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A.P.I Review: MOTO RACER 2
Developer: Delphine Software OPTIONS: S.SHOT
No.1   No.2   No.3
Distributor: Electronic Arts 1-2 Player Split
Game Type: Racing Memory Card
Review Date: September 1998 Analog Dual Shock

Setting the Scene

Wha Hooo!  The sequel to the best motorcycle racing game of 1997 is
finally out and I couldn't be happier!

Moto Racer 2 places the gamer squarely into the heat of either
high-speed café style racing or dirt bike action...your choice!  

Pop on your helmet (for aesthetic purposes only of course), grab hold of
your controller and get ready for one of the PSX's fastest racing


Moto Racer 2 is basically a hybrid motorcycle racer extravaganza in
which you have a choice of controlling a sleek café style racer or
getting down and dirty with a motocross bike.


Lots of little graphical improvements have been made over last year's
title such as ambient/real time lighting effects, better transparencies
and various weather conditions.  The strange thing is that the actual
gameplay graphics have really not improved at all.  In fact, after
seeing such games as Gran Tourismo and Need for Speed 3, Moto Racer 2's
graphics look rather grainy and dated by comparison.

This is not to say that the graphics don't shine...they work just fine
and keep the frame rate extremely high.  The scenery graphics are flying
by at an incredible clip giving one a real sense of speed and danger.  I
also liked the wide variety of track environments that are presented in
MR2, the selection is much broader than its predecessor.

Night driving is now an option and to help you see where you are going a
headlight has been added to the bike.  It's a nice little touch, but I
did notice a little glitch when you are flying over dirt mounds the beam
of the headlight stays focused on the road instead of projecting up and
out into the scenery.  There is also a bit of pop-up apparent throughout
the game.  Oh well, guess I'm just being nit picky here.

The various weather effects such as snow and rain are nicely depicted
and add to the ambience and challenge of the game.

Overall while not cutting edge, the graphics accurately portray the art
of cycle racing and present the gamer with a rich and varied world to
set their land speed records on.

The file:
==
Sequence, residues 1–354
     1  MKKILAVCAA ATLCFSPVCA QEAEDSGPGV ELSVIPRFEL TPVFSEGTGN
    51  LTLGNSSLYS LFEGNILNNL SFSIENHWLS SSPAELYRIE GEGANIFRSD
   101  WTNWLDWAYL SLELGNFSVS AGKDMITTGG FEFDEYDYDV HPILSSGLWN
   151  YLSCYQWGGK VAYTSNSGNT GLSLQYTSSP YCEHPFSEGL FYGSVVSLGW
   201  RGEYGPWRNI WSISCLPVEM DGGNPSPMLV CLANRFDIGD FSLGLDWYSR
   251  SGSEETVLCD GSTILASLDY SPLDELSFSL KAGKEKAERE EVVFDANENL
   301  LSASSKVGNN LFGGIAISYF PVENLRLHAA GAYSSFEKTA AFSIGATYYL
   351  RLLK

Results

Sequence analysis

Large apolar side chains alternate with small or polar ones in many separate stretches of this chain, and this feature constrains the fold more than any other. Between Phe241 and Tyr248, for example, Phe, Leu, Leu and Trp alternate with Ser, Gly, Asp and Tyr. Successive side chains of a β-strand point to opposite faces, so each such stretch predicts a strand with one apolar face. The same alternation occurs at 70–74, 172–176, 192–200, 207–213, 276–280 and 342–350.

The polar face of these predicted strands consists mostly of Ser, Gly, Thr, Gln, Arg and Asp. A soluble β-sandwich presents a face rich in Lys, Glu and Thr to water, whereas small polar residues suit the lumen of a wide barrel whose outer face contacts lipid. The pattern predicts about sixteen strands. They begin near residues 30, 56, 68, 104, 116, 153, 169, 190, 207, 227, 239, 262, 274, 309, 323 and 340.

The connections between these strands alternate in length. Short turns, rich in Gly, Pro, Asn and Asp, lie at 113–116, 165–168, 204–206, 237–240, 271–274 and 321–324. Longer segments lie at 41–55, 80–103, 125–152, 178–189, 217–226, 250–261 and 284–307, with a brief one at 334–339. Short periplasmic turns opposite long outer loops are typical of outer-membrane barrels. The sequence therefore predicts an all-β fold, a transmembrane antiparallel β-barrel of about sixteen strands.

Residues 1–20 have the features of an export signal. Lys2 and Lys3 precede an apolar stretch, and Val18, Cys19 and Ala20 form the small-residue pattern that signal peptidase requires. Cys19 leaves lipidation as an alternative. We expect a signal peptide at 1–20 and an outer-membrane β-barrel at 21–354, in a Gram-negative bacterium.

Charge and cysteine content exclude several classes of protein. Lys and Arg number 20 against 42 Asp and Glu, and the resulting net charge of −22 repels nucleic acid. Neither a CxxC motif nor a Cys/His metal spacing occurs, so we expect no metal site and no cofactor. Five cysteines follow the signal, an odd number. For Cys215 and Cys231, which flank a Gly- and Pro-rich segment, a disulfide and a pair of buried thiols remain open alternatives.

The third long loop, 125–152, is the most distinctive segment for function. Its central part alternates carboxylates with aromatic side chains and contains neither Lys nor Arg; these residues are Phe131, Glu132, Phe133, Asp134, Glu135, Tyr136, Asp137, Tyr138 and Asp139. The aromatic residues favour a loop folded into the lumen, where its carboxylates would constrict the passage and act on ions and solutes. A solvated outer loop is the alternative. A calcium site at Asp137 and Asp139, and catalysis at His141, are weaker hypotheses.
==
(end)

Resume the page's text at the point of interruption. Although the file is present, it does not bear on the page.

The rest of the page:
Sounds and Effects

If you like loud, hard-driving, adrenaline pumping rock music then you
are gonna love the tunes in MR2.  The passionate, roller coaster
melodies drive home the point that you are out there on two wheels
pushing the envelope to win each race.  The tunes get you in that "grit
your teeth and fly" mode that so well represents the sport.

Sound effects are on the money with the sweet sounding whine of the café
racers to the sputtering "blip, blip" lawn mower sounds of the dirt


Being a bit of a motorcycle enthusiast myself, I was really looking
forward to the sequel to Moto Racer.  The original game really excelled
in the area of control and "feel" of the bike and I am pleased to say
that MR2 picks up right where the original left off. 

Making a sequel to a highly successful title always has the same
problem..."what can they do to top the original?"  Well MR2 seems to
answer this question with ease.  Delphine, the creators of the game,
left in all of the good stuff of the first title and added a whole lot
of things to make Moto Racer 2 a truly complete package.

The first addition is the number of tracks...MR2 comes with 32 of them
all set in realistic locations such as desserts, metropolitan areas,
forests, etc.  For the most part, the tracks are very well laid out and
provide a nice challenging race.  

If you get tired of, or defeat all of the tracks provided, MR2 comes
with a track editor!  While I must say that the editor is a bit crude
and rather hard at first to utilize, it does allow you to customize any
of the existing courses or start from scratch and then save your
creations.  You can then set up a custom championship race using your